Tiny bacteria in an infant's gut could set them on an early path for obesity and liver disease as they grow up.
New research from CU Anschutz took stool samples from infants born to normal weight and and from those born to obese mothers. Then, the infants’ microbiomes were transferred germ-free mice.
Researchers found gut microbes from babies of obese mothers caused metabolic and inflammatory changes to liver and bone marrow cells in the mice.
Lead researcher Taylor Soderborg, a MD/PhD candidate at the CU School of Medicine, said when mice were fed a high-fat Western diet, they were more likely to gain weight rapidly and develop fattier livers.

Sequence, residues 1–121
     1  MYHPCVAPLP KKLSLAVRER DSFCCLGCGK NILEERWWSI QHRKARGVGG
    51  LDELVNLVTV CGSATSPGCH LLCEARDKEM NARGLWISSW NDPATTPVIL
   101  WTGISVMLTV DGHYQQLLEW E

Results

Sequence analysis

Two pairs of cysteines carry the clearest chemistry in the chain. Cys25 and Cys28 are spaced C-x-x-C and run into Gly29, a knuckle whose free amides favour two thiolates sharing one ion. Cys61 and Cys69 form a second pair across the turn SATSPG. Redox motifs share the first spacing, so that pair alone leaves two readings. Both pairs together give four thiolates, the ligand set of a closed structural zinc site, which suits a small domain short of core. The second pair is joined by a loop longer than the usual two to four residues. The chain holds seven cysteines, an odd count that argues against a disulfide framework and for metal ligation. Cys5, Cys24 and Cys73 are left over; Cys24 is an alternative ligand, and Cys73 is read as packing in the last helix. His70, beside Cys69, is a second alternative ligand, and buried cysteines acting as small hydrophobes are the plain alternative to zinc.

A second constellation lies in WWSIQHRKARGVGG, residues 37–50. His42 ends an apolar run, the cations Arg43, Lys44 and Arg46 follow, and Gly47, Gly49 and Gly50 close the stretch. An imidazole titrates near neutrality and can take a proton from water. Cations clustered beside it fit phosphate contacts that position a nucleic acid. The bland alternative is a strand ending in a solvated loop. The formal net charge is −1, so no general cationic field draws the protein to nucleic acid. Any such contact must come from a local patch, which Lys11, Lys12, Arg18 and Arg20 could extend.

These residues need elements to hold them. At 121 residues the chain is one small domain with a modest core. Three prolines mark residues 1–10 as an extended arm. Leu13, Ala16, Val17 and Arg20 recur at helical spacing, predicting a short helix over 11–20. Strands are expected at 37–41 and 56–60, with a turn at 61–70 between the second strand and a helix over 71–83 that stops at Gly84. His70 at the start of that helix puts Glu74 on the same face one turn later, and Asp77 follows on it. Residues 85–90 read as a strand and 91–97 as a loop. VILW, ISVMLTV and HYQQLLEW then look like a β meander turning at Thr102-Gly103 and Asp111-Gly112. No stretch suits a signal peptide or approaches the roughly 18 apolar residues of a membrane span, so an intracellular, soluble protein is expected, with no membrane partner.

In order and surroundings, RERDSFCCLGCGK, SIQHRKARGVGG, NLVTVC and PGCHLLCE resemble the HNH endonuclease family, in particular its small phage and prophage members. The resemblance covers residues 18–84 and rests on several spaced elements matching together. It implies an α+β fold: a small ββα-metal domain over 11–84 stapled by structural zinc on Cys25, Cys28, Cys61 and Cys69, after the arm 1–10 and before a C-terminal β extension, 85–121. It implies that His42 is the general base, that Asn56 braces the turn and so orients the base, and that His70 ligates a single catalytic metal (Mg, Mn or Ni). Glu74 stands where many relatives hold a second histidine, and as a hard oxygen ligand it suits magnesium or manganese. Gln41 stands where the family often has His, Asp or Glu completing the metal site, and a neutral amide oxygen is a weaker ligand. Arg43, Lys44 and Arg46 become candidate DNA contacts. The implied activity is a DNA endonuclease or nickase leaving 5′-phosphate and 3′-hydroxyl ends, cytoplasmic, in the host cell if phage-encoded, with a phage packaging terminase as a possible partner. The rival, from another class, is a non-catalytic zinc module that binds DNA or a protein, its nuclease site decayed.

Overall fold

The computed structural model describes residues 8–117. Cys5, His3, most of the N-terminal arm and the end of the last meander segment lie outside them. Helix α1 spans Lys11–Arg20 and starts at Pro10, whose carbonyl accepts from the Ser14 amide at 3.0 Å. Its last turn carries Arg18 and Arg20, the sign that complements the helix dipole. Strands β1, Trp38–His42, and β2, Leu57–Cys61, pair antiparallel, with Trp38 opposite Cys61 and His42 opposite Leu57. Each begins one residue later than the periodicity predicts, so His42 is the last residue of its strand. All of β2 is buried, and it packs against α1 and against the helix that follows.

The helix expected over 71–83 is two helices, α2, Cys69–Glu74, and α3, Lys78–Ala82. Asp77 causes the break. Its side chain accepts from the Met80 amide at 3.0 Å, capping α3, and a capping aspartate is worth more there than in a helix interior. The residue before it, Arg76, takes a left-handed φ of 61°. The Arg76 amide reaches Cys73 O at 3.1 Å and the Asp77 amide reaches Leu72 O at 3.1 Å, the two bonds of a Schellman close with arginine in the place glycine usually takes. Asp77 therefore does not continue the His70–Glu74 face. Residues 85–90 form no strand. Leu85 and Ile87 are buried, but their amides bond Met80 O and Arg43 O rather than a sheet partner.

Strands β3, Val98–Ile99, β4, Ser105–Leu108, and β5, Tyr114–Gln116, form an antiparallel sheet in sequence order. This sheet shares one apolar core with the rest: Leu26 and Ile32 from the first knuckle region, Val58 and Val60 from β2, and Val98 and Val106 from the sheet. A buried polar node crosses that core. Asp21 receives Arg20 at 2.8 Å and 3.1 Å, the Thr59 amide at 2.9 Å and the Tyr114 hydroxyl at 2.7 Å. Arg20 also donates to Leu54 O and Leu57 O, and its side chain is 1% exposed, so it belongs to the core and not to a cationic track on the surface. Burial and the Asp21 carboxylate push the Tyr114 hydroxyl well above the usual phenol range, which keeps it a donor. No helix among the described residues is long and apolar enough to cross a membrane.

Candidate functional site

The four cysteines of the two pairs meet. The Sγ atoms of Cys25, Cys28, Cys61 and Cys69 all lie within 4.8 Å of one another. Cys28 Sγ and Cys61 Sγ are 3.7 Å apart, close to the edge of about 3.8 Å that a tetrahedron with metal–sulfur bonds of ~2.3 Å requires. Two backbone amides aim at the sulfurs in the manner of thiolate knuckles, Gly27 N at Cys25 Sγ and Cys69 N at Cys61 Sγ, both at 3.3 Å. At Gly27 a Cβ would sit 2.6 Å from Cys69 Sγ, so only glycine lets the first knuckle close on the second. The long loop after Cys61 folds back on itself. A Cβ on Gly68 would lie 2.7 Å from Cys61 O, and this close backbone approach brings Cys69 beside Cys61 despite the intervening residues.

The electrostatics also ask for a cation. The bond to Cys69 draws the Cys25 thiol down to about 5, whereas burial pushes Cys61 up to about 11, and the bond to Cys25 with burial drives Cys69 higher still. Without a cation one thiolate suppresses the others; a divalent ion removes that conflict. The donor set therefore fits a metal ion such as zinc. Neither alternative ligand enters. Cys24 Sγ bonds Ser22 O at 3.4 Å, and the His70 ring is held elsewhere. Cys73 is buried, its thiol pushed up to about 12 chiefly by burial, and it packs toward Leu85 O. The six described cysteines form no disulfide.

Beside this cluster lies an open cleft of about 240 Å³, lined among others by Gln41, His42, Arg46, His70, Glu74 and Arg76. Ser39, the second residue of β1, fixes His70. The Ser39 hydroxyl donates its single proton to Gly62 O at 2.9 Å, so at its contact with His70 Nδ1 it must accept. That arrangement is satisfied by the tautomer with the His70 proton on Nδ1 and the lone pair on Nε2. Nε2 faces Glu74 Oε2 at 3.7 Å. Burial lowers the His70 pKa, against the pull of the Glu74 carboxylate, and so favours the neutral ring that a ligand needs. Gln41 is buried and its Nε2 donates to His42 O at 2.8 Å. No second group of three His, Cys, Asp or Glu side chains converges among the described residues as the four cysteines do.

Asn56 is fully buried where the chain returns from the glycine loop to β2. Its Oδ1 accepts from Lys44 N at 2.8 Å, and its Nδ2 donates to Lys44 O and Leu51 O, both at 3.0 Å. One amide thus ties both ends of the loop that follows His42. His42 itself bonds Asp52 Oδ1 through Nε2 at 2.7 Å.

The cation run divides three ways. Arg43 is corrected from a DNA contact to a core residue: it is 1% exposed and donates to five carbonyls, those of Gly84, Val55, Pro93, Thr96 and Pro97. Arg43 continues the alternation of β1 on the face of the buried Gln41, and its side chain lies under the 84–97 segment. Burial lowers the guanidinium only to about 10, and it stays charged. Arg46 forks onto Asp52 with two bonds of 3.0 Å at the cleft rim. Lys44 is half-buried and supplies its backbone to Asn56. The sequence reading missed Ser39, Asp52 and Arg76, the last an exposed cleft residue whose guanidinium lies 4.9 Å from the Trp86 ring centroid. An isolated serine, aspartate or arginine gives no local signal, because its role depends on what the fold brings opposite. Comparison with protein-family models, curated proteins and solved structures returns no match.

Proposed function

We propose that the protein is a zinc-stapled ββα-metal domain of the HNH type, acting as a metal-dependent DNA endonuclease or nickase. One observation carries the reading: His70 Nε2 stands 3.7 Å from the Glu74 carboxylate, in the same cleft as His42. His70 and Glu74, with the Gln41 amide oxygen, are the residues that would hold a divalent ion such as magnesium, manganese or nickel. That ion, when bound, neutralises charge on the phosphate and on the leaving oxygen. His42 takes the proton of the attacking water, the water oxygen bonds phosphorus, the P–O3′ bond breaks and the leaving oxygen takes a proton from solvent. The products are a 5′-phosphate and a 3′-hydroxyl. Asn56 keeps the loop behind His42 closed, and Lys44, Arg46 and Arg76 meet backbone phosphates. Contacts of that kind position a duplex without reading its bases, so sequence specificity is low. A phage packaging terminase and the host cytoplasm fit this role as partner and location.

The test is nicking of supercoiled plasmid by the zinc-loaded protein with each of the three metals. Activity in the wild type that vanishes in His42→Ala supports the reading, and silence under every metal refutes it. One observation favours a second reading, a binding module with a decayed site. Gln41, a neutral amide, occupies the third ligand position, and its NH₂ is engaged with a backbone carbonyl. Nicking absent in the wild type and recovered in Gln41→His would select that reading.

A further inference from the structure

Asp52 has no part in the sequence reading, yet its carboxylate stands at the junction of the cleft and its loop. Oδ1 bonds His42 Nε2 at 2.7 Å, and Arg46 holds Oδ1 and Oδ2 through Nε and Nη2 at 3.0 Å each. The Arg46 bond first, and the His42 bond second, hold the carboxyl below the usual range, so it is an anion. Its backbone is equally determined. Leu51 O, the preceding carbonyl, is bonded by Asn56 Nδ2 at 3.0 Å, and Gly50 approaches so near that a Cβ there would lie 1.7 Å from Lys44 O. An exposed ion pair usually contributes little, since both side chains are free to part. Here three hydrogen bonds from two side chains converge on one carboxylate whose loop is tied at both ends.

"This research really helps highlight that these early changes in the microbiome could be increasing the risk for people and it's not just lifestyle choices,” Soderborg said. “And we need to figure out how do we fix that early problem so people aren't just already at such a high risk for these diseases."
The changes in the gut microbiome early on may come before the development of obesity, “instead of being caused by established obesity,” Soderborg said.
“This is the first study to show a causative role of these microbes in priming development of obesity.”
Newborns of obese mothers could be screened to see if microbe changes put them at higher risk, Soderborg said.
The research is published in the journal Nature Communications.
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